Please tell your husband for me to back off. Nagging you to go to therapy isn’t helpful. Being loving and offering to go with you for at least the first couple of sessions might be. Ask him to please only talk about it if he can offer concrete help and support.
To respond to your other points: Therapy has the most impact in the first few sessions. It’s definitely worth going for the 8. Then take a break and work on integrating what you learned. Another year will roll around and you can do another 8 if you feel the need.
I certainly understand the worry about the cars. Have you considered online therapy? Some therapists are now offering the option of using Skype or a chat as a way to do at least some of your sessions.
You’re right. It may not help. You may get an incompetent therapist. You may not have many choices. But — if you don’t try, you’ll never know if it could have helped. You may find yourself with a jewel of a therapist. The only choice may be the right choice for you.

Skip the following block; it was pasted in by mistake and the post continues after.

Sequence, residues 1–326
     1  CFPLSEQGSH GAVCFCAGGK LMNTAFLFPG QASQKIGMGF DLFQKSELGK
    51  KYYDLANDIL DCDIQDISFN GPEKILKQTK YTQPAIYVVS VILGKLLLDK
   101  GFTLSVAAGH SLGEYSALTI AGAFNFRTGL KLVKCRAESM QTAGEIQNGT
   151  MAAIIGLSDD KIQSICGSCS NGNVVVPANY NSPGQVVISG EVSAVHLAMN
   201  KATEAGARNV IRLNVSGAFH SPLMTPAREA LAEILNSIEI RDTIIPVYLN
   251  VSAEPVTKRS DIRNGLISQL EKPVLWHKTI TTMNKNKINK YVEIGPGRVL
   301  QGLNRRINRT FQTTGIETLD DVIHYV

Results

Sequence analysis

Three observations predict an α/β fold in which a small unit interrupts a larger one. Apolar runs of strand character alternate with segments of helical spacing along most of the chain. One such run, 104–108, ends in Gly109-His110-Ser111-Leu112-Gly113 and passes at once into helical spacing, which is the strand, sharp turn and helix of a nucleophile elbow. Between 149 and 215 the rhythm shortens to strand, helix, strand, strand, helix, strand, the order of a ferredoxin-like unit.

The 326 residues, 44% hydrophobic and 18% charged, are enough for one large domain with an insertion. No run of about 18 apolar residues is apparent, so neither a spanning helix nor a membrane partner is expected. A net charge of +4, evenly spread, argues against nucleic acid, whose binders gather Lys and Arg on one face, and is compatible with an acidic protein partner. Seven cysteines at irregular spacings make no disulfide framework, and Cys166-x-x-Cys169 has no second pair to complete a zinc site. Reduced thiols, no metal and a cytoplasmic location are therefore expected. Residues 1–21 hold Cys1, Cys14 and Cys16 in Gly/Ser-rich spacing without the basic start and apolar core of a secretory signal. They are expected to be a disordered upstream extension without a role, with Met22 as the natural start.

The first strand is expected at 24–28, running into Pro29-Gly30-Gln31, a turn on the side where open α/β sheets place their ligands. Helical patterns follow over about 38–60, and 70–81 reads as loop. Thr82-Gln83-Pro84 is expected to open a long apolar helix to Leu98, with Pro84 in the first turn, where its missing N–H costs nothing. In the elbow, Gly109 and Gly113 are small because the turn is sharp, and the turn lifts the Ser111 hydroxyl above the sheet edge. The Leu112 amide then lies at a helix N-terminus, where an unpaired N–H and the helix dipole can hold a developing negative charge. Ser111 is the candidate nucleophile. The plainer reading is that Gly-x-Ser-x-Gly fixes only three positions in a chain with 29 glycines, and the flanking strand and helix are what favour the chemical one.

You’re also right: If you don’t move, you’ll be in the same position. For that matter, you could keep yourself in the same position if you do move. That’s up to you.
You know what I think? I think writing your letter was a first step in getting ready to get ready to try therapy. You’re getting warmed up. I know that you know that if you could solve your own problems, you would have done so already. So I think you’re working on getting used to the idea. I hope you will take a deep breath, gather up your courage, and give it a go. To give therapy a jumpstart, take your letter with you to your first session or talk about your anxiety when you make the phone call for an appointment. I did mean what I said about your husband as well. Consider taking him with you. It may be that his behavior is contributing to your anxiety and depression. A few couples sessions may do you both a lot of good.
I wish you well.